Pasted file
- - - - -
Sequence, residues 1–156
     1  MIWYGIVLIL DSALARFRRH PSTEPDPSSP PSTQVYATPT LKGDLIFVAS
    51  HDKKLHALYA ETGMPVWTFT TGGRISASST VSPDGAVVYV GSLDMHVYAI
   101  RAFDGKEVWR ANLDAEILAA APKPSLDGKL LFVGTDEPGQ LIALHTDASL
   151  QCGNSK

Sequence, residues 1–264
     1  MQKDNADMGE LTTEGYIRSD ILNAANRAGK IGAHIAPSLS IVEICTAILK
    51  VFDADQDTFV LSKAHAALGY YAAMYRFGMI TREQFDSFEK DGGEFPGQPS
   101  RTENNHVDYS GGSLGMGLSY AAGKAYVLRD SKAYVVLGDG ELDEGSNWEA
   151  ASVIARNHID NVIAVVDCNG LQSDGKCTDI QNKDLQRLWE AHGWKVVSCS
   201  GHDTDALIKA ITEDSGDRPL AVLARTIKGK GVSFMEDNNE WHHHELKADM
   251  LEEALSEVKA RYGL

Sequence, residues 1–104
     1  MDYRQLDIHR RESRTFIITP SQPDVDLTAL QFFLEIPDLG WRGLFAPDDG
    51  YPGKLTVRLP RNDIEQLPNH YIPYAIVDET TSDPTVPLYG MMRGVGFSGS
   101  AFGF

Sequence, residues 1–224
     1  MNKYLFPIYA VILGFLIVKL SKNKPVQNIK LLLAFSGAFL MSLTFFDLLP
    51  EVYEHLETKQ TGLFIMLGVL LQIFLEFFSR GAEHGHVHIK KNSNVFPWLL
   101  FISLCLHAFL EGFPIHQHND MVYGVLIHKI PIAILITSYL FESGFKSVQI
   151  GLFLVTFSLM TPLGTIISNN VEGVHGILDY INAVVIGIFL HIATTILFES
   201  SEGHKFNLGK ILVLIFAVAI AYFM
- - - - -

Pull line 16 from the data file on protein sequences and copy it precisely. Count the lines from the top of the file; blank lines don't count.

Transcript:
   101  AFGF